CRF Blog

Merriam-Webster’s Words of the Year 2019

by Bill Hayes

Merriam-Webster has published its list of the Top 10 Words of 2019.         

1/10: Quid pro quo

The investigation into President Trump’s phone conversation with Ukrainian President Volodymyr Zelensky became something of a vocabulary lesson for many Americans, and the term quid pro quo was heard countless times from newscasters, pundits, politicians, and the president himself. Major spikes of lookups occurred on September 25th, October 17th and 18th, and November 20th, for a year-over-year increase of 644%.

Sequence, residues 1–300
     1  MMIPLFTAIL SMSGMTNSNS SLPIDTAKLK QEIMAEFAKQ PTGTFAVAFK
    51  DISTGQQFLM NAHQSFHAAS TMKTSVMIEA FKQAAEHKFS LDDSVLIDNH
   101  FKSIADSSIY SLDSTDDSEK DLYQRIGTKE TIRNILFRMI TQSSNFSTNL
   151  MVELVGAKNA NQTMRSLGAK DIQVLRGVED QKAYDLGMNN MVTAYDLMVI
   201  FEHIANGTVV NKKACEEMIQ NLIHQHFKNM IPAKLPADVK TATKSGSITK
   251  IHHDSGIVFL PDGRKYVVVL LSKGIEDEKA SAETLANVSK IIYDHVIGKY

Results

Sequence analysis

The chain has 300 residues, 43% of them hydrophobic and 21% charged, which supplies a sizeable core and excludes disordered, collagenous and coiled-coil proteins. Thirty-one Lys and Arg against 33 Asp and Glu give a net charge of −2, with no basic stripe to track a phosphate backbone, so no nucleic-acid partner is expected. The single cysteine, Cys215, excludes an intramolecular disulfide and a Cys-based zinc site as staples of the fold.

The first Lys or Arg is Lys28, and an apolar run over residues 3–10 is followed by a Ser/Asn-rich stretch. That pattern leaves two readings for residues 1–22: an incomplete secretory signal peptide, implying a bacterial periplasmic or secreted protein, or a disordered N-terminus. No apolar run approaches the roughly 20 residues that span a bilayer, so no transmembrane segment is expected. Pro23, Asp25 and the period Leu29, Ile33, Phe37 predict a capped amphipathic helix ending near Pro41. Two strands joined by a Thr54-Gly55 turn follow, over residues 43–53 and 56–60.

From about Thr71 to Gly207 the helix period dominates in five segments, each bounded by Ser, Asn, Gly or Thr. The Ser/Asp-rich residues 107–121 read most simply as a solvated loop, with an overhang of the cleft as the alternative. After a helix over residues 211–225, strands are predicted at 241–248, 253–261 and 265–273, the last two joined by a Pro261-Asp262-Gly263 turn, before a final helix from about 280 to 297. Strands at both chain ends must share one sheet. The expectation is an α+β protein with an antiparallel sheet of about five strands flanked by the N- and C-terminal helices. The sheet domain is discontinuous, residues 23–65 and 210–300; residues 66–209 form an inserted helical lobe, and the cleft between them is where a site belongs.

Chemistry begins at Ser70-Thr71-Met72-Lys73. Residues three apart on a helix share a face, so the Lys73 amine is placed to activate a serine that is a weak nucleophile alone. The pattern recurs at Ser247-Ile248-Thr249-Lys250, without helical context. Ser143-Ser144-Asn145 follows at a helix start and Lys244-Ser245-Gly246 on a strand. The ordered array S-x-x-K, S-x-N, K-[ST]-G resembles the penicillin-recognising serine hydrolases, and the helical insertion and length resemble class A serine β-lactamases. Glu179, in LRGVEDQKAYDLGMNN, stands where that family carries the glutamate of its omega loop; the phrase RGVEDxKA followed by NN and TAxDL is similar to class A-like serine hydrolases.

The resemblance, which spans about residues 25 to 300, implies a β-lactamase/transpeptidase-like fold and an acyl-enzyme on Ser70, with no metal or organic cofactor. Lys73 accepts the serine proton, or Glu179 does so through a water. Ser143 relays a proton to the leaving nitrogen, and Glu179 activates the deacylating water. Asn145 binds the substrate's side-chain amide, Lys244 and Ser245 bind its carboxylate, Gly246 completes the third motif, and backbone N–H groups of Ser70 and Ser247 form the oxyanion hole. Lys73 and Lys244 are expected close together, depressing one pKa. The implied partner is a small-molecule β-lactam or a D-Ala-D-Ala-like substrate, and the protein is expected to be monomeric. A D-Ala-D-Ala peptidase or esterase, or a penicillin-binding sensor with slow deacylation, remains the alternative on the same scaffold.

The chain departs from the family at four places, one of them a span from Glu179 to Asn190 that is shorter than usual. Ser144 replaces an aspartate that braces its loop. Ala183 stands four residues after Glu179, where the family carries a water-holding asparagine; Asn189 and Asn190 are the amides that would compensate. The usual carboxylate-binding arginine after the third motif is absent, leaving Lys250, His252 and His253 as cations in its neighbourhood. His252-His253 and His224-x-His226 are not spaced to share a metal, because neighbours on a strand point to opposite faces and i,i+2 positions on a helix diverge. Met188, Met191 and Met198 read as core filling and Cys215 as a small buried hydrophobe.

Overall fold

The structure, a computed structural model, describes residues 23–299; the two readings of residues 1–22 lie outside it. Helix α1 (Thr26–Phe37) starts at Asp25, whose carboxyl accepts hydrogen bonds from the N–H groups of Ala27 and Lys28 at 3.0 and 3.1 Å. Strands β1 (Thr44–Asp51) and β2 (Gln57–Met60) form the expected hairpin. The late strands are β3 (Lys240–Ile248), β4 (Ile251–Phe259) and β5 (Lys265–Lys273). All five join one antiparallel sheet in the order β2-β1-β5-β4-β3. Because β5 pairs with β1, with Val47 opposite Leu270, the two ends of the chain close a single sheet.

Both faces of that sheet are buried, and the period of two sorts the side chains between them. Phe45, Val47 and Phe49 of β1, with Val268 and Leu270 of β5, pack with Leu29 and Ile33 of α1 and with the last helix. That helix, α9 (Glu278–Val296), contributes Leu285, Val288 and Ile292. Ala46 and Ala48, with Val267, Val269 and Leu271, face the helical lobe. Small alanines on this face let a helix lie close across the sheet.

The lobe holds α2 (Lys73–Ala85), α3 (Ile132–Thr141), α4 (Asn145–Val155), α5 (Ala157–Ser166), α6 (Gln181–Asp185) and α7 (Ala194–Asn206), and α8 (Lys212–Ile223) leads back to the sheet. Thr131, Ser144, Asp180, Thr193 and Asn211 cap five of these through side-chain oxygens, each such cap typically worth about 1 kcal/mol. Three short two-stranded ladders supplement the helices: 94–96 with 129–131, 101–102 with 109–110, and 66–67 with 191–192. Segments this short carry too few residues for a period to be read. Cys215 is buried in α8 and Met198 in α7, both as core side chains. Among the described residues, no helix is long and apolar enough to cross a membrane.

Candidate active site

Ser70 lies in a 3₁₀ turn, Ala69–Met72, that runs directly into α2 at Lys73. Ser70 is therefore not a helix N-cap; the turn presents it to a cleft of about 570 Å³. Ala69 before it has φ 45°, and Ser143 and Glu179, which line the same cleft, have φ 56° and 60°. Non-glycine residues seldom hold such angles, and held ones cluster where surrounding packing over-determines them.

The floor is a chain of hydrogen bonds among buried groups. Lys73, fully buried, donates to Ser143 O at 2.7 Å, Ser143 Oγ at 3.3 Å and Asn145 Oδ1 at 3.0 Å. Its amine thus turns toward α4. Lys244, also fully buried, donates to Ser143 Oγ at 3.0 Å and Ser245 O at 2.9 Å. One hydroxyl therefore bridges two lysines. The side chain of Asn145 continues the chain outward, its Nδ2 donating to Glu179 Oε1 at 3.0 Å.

We define quid pro quo as “something given or received for something else,” and “a deal arranging a quid pro quo.” The literal translation from New Latin is “something for something.”

The current use dates to the late 16th century. In its initial use, a now-obsolete sense from the beginning of that century, quid pro quo referred to something obtained from an apothecary when one medicine was substituted for another. Such substitutions could be either accidental or fraudulent. Soon after its apothecary sense the word took on a more general meaning of substitution. Today, the term is most often encountered in legal contexts. [more]